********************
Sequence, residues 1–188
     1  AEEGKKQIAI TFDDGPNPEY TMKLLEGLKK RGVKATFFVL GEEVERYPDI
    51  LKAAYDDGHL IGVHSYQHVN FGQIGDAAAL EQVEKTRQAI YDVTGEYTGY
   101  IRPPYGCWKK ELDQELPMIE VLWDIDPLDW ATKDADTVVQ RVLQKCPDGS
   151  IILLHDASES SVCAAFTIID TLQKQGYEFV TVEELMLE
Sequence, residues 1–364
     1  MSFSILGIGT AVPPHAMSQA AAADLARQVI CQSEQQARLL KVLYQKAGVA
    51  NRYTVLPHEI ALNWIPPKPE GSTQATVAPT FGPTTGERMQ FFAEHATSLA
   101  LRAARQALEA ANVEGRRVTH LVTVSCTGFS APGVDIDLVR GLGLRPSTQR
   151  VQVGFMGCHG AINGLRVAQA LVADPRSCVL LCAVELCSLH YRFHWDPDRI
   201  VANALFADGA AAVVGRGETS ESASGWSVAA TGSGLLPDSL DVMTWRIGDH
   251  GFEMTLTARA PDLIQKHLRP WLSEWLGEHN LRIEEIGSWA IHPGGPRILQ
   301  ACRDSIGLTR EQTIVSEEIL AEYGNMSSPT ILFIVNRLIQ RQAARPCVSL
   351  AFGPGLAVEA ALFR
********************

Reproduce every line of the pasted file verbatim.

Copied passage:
Sequence, residues 1–188
     1  AEEGKKQIAI TFDDGPNPEY TMKLLEGLKK RGVKATFFVL GEEVERYPDI
    51  LKAAYDDGHL IGVHSYQHVN FGQIGDAAAL EQVEKTRQAI YDVTGEYTGY
   101  IRPPYGCWKK ELDQELPMIE VLWDIDPLDW ATKDADTVVQ RVLQKCPDGS
   151  IILLHDASES SVCAAFTIID TLQKQGYEFV TVEELMLE
Sequence, residues 1–364
     1  MSFSILGIGT AVPPHAMSQA AAADLARQVI CQSEQQARLL KVLYQKAGVA
    51  NRYTVLPHEI ALNWIPPKPE GSTQATVAPT FGPTTGERMQ FFAEHATSLA
   101  LRAARQALEA ANVEGRRVTH LVTVSCTGFS APGVDIDLVR GLGLRPSTQR
   151  VQVGFMGCHG AINGLRVAQA LVADPRSCVL LCAVELCSLH YRFHWDPDRI
   201  VANALFADGA AAVVGRGETS ESASGWSVAA TGSGLLPDSL DVMTWRIGDH
   251  GFEMTLTARA PDLIQKHLRP WLSEWLGEHN LRIEEIGSWA IHPGGPRILQ
   301  ACRDSIGLTR EQTIVSEEIL AEYGNMSSPT ILFIVNRLIQ RQAARPCVSL
   351  AFGPGLAVEA ALFR